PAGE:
When it comes to choosing an MBA, return on investment is always going to be a major factor.
Now salary benchmarking site Emolument.com has put together a list of the business schools with the best-paid graduates - and the UK fares pretty well (which is a relief, considering most grads aren't earning the "graduate premium" they were told about).
At the top of the list is Chicago Booth, whose graduates earn a median of £167,000 in salary and bonuses. And with tuition fees of £51,000, that also gives it the best return on investment of any of the top 25 business schools.
Second in the ranking for return on investment is Warwick Business School. Although its grads earn a low-ish £87,000, its £35,600 fees are also a bargain compared with some of its rivals (the MBA programme at Wharton, for example, costs more than £112,000). That gives it an ROI of 1.4 (NB. Stanford isn't included - but Tyra Banks hasn't started her lectures yet...).
The world's top 25 business schools by ROI
|Business school||Salary*||Bonus*||Total||MBA cost||ROI|
|1||Chicago Booth School of Business||£114,000||£53,000||£167,000||£51,000||2.3|
|2||Warwick Business School||£82,000||£5,000||£87,000||£35,600||1.4|
|6||Cass Business School||£60,000||£10,000||£70,000||£39,500||0.8|
|9||Said Business School||£75,000||£8,000||£83,000||£52,000||0.6|
|11||Columbia Business School||£114,000||£46,000||£160,000||£104,325||0.5|
|12||Judge Business School||£117,000||£39,000||£156,000||£100,910||0.5|
|13||Harvard Business School||£106,000||£36,000||£142,000||£96,565||0.5|
|14||London Business School||£86,000||£17,000||£103,000||£70,800||0.5|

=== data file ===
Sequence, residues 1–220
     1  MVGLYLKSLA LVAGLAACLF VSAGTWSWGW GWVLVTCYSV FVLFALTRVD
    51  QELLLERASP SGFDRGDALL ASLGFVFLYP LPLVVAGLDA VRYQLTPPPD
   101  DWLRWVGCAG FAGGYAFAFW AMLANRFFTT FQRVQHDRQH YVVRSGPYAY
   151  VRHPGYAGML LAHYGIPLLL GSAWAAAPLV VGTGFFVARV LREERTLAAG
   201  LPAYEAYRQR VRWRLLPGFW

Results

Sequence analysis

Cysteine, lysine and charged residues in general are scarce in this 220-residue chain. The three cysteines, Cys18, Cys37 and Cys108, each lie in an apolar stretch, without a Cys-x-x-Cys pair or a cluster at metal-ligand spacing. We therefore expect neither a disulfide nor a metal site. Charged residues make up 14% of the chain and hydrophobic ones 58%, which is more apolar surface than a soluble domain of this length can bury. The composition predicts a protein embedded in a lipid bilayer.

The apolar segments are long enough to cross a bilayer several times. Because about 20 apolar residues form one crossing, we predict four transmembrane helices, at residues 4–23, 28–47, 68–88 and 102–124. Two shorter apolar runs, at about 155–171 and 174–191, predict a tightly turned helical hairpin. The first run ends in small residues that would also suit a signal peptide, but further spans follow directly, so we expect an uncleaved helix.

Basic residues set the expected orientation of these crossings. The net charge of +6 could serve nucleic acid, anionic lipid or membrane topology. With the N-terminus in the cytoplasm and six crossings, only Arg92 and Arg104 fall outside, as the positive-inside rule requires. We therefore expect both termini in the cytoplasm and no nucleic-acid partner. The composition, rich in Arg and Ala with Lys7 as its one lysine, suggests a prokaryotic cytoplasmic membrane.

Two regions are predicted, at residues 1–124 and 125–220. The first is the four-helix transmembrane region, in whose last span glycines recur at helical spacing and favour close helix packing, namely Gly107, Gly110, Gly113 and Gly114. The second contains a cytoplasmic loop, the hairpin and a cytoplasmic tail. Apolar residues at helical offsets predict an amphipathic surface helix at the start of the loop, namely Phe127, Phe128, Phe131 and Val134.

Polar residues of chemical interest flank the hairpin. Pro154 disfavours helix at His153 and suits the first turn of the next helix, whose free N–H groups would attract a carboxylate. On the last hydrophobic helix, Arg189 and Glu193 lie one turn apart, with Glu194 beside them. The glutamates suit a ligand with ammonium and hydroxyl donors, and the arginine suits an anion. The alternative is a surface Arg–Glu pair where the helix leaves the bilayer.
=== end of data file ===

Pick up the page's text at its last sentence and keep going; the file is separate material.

|16||Stern School of Business||£106,000||£27,000||£133,000||£100,982||0.3|
|19||Kellogg School of Management||£106,000||£66,462||£125,000||£100,791||0.2|
|20||Johnson Cornell University||£96,000||£19,000||£115,000||£93,394||0.2|
|23||Ross School of Business||£94,000||£64,500||£104,000||£97,816||0.1|
|24||Manchester Business School||£74,000||£10,000||£84,000||£82,000||0|
|25||Hult International Business School||£49,000||£3,000||£52,000||£53,078||0|
But what if your ambitions are less about salary, and more about career progression?
The analysis suggested those with ambitions in the finance sector should look no further than Oxford's Said Business School, where 65 per cent of graduates end up in the finance sector.
That's followed by New York City's Columbia, with 57 per cent (although with total compensation of £160,000, Columbia grads earn almost twice what former Said students can expect).
Business school with the most grads in finance
|Business school||Total Compensation||% working in finance|
|1||Said Business School||£83,000||65%|
|6||Judge Business School||£156,000||47%|
|7||Cass Business school||£70,000||43%|
|10||Johnson Cornell University||£115,000||37%|
|13||Ross School of Business||£104,000||36%|
|16||Kellogg School of Management||£125,000||29%|
|18||Zicklin School of Business||£68,000||29%|
|25||University of Wales||£40,000||21%|
|31||Warwick Business School||£87,000||16%|
|33||Manchester Business School||£84,000||13%|
However, Alice Leguay, Emolument's co-founder, pointed out many MBA students don't place as much importance on salary as you'd think.
"MBAs provide a strong financial boost, but most alumni are more likely to emphasise the friendships and opportunities as the ultimate return on their investment," she said. Ahhh.
Looking to do a degree first? These 30 European universities have the highest-paid graduates.